Seattle making plans for R74 weddings — Save the dates: December 6th and 9th

There are probably some excited conversations happening around Capitol Hill right now. And a few awkward ones, too. The King County Recorder’s Office is gearing up for the first hours of legalized same-sex marriage in Washington State with a special midnight opening on December 6 — the day the November election results will be officially certified and the approval of referendum 74 will take effect allowing same-sex couples to apply for a marriage license. UPDATE: And the city says it is ready to make the first day of gay nuptials in Seattle a special one by turning City Hall into one big wedding chapel for what is expected to be a surge of enthusiasm couples who want to tie the knot the very first day possible.


It’s likely to be a media frenzy. And, hopefully, there will be a lot of fun and a lot of love. As we noted in our guide to what happens with the approval of R74, you’ll also want to clear your calendar for December 9th:

The third calendar day after you pick up your marriage license, you can get married by a Washington State judge (see Related Links), or by an ordained minister or priest, presuming their institution permits it. The earliest gay marriages, then, in Washington should take place on December 9, 2012.

The City of Seattle will be ready:

Aaron Pickus, a spokesman for Mayor Mike McGinn, said Friday that eight municipal judges are donating their time to marry couples between noon and 5 p.m. on Dec. 9, three days after Referendum 74 takes effect.

Capitol Hill’s The Stranger, like a proud parent, announced it is ponying up money to help pay for the special ceremonies:

Judges have volunteered to perform weddings for free and the Stranger is working with Jennifer Zeyl and Alicia Berger and other local scenic artists to create fourtasteful and dignified pop-up wedding “chapels” in the lobby of City Hall. There won’t be anything silly or camp or ironic about the pop-up chapel instillations. The doors at City Hall will open at 11 AM on December 9 and any couple who comes with their paperwork will be able to get married at City Hall between noon and 5 PM.

The Stranger is kicking in $2000 to help pay for materials and Stranger staff members—many of whom worked phone banks for R-74—are volunteering their time to help pull this together. This isn’t about staging a Moonie-style mass wedding, but creating a beautiful spot for couples who wish to marry on that first day. We’re going to need more volunteers to help out at City Hall on December 9 and we’re looking for donations of refreshments for people waiting in line. Contact events@thestranger.com if you want to volunteer or make a donation.

Meanwhile, the first of many expected reception parties has been announced:

Dan Savage of the Seattle Stranger along with husband Terry Hecker (DJ Trouble) and Q Nightclub will be hosting The Big Gay Wedding Reception™ at Q following the nuptials.

The reception will be open to everyone who got married, their friends and families, and all the supporters of Referendum 74 as a thank you for their efforts on behalf of civil rights in Washington.

You had better get those engagement photos scheduled ASAP. Save 74% here.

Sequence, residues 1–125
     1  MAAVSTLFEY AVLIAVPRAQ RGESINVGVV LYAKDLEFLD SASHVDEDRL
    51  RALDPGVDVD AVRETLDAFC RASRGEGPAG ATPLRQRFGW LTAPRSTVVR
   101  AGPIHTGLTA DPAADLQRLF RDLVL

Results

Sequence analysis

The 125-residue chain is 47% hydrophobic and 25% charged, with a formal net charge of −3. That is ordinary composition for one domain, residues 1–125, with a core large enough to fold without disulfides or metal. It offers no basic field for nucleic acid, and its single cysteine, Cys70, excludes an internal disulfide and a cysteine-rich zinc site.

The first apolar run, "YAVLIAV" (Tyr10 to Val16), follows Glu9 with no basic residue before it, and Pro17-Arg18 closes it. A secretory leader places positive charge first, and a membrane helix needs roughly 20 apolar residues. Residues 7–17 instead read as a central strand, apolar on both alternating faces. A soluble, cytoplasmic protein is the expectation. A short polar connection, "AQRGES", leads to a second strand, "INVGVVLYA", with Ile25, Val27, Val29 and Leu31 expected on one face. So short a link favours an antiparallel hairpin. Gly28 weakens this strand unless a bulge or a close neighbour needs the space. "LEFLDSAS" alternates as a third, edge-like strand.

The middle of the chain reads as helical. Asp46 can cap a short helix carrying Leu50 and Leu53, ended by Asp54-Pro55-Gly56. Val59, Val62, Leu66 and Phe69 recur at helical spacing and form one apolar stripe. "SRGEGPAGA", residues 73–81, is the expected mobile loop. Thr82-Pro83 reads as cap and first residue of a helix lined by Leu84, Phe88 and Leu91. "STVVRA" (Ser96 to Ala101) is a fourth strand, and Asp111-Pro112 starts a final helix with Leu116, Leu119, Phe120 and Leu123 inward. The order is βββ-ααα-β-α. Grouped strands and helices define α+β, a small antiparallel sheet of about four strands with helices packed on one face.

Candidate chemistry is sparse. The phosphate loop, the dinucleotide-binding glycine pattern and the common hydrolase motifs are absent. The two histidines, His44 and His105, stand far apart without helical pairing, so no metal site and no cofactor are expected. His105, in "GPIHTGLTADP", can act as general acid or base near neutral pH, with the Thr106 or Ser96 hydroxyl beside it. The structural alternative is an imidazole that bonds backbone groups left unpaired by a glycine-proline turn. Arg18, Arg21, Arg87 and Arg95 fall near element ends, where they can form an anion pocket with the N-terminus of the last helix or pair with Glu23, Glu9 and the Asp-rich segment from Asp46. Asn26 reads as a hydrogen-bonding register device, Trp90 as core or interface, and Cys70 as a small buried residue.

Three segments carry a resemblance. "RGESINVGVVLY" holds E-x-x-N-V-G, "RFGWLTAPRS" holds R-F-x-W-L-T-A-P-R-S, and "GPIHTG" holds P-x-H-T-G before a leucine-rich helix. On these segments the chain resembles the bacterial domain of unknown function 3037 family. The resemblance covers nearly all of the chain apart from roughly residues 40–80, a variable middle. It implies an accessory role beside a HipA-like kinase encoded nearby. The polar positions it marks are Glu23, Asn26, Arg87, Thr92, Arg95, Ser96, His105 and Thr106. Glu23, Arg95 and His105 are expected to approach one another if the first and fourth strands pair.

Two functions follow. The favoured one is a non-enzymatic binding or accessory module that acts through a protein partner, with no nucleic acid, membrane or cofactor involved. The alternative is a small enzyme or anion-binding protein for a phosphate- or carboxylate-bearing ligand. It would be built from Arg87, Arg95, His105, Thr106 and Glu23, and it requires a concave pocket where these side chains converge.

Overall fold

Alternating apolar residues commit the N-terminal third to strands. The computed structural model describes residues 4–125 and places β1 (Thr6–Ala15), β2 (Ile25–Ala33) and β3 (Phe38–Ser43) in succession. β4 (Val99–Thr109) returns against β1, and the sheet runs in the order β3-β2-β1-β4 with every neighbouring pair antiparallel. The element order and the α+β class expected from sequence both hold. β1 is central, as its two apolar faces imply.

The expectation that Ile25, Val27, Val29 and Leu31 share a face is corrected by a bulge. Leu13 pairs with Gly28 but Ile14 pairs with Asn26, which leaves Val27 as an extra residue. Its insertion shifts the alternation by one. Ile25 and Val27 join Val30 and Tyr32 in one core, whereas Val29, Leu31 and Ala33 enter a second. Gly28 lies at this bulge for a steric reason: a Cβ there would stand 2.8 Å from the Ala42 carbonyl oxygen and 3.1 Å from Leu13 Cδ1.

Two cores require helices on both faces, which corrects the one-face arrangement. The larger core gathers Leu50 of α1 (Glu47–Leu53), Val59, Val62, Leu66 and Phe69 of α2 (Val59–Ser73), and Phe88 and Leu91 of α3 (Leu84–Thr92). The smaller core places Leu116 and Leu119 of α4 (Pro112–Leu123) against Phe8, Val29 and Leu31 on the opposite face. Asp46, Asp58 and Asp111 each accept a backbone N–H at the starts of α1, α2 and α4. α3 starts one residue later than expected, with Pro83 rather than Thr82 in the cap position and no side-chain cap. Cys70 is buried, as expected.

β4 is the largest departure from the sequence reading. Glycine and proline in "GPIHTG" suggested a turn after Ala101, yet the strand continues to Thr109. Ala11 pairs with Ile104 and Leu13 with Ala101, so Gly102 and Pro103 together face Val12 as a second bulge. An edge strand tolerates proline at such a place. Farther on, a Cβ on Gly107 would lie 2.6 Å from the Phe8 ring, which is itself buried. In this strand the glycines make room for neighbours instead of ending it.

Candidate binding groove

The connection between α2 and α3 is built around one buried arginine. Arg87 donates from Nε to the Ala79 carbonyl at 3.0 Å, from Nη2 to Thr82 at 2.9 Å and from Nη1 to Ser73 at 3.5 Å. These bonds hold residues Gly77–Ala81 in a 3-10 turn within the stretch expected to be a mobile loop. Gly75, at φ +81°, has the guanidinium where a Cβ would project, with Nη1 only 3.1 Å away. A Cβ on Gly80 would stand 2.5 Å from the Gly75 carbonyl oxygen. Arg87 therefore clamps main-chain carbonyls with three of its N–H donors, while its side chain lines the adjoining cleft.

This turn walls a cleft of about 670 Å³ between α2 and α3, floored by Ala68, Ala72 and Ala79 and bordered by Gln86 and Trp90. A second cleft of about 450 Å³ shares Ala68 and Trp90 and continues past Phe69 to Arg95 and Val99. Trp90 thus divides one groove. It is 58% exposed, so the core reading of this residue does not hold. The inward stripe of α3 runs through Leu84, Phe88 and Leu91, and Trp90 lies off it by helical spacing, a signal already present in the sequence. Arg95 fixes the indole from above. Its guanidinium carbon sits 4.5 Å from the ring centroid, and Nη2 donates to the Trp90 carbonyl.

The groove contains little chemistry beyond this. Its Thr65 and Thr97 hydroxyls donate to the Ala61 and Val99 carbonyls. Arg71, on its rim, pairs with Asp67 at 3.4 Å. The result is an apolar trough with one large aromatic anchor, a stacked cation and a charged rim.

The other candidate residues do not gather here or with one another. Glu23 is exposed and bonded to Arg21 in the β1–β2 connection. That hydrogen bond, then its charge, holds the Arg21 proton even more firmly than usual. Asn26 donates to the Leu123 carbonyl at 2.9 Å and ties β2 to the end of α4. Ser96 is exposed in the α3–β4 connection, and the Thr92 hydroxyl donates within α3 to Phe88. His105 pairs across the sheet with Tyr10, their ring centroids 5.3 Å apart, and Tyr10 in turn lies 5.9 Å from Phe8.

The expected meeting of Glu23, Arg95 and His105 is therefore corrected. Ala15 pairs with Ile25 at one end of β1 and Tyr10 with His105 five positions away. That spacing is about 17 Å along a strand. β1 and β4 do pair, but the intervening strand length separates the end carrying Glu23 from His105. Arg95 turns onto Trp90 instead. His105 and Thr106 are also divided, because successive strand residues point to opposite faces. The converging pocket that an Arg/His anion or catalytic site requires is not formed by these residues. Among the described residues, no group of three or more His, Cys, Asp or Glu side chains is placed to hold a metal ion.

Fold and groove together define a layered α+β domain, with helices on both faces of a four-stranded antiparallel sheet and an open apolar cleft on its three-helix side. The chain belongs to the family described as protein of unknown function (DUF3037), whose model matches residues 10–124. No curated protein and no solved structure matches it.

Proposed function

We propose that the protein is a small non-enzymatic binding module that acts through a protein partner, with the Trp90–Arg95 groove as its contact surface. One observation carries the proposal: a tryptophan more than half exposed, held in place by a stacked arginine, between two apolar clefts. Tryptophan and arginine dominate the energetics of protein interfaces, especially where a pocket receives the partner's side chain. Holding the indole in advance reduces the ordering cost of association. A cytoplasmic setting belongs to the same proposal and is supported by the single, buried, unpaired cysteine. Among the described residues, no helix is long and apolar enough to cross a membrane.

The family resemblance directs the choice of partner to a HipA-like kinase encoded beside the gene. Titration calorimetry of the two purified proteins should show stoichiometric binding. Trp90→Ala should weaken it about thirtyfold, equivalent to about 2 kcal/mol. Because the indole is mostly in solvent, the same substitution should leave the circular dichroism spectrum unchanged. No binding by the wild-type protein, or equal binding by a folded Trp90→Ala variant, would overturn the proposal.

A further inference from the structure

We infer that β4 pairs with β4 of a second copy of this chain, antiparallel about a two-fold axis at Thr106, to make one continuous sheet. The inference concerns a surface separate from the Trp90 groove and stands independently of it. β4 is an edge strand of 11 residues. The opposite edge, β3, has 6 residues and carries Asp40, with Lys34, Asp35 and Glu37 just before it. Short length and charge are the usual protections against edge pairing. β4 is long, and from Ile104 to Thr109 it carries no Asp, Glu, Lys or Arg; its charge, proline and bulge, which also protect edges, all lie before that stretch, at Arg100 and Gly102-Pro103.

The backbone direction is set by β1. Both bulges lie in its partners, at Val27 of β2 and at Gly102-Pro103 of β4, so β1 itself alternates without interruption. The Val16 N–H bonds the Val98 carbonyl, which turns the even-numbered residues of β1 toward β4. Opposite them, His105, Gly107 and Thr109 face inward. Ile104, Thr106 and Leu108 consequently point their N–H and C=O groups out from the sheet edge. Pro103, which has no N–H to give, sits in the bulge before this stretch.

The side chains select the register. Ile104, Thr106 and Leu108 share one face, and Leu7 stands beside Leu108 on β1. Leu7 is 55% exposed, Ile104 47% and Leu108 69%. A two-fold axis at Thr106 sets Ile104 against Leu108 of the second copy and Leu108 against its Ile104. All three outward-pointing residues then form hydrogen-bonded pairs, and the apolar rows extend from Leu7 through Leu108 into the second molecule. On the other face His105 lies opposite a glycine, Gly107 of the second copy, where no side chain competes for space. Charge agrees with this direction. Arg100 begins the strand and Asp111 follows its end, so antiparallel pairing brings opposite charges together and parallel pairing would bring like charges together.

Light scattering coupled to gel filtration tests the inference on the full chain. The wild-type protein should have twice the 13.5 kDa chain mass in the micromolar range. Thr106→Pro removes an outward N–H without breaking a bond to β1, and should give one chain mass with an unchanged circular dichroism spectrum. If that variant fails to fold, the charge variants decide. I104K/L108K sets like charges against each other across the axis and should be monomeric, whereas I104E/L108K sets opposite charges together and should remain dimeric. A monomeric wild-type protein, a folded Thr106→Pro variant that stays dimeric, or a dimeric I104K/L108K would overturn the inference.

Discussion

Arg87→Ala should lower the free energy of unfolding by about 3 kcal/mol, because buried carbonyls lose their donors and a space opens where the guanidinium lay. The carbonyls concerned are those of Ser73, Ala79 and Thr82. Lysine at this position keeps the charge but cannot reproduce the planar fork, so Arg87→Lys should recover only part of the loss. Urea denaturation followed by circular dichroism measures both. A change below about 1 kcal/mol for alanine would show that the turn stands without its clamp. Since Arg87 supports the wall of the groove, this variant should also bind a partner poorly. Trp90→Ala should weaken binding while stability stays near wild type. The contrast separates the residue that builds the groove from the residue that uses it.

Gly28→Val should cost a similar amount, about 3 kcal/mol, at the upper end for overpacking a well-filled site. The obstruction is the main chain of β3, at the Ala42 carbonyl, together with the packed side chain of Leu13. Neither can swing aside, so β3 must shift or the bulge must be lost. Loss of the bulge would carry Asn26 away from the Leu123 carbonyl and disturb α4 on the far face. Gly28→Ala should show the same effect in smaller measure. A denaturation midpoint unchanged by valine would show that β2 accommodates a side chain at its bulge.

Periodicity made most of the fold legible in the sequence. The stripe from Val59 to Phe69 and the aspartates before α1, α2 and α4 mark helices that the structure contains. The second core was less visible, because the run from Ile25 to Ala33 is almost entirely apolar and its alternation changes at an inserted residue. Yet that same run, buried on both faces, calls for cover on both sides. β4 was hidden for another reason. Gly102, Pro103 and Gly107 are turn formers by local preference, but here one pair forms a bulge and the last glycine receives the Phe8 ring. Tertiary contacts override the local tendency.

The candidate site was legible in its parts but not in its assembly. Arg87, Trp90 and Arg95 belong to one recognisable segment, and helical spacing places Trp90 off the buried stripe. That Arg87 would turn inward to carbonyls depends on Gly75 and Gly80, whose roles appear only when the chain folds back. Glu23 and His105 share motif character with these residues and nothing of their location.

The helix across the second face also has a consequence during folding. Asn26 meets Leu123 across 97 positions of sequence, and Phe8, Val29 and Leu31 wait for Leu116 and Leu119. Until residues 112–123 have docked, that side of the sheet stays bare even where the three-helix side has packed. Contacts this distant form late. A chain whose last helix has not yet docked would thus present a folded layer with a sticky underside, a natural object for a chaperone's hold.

Here’s the announcement from King County. Don’t forget to bring $64 — cash or “local check,” the county says, no credit/debit cards.

King County Executive Dow Constantine will open the County Recorder’s Office at 12:01 a.m. on Thursday, Dec. 6 – immediately upon certification of the November election – to begin issuing marriage licenses to same-sex couples.

“I don’t want couples to wait a minute longer than legally necessary to get the rights that voters have recognized,” said Executive Constantine, who will personally sign the first marriage licenses at 12:01 a.m.

The move will make King County the first jurisdiction in the nation to issue marriage licenses to same-sex couples based on voter approval. Voters in Washington, Maryland, and Maine all approved marriage equality initiatives on Election Day last week, but the laws in Maryland and Maine will not take effect until January. Under state law couples must wait three days before the actual marriage ceremony may be performed.

The Recorder’s Office is located in the King County Administration Building at 500 Fourth Avenue in Seattle. Couples may start lining up at the James Street entrance (on the north plaza of the Administration Building) at 10:00 p.m. on Wednesday, Dec. 5. An official queuing area will be designated on the plaza. For people with mobility issues, an accessible entrance will be available on Fourth Avenue, and individuals will be directed to the plaza.  

 Couples will be served on a first-come, first-served basis. As previously announced, the Recorder’s Office will remain open on Dec. 6 until 6:30 p.m. to meet expected demand. All couples within the official queuing area at 4:30 p.m. will be served. 

 

On Friday, Dec. 7, the office will be open from 8:30 a.m. to 6:30 p.m. Couples will be able to line up starting at 6:30 a.m. All couples within the official queuing area at 4:30 p.m. will be served.

On Saturday, Dec. 8, the Recorder’s Office will be open from 8:30 a.m. to 4:30 p.m. The lineup will begin at 6:30 a.m., and all couples within the official queuing area at 2:30 p.m. will be served. 

 

All couples, regardless of gender, seeking a marriage license on these three days will need to wait in line. To help reduce delays, couples are encouraged to download a marriage license application from www.kingcounty.gov/marriage and bring the completed form with them when they apply.

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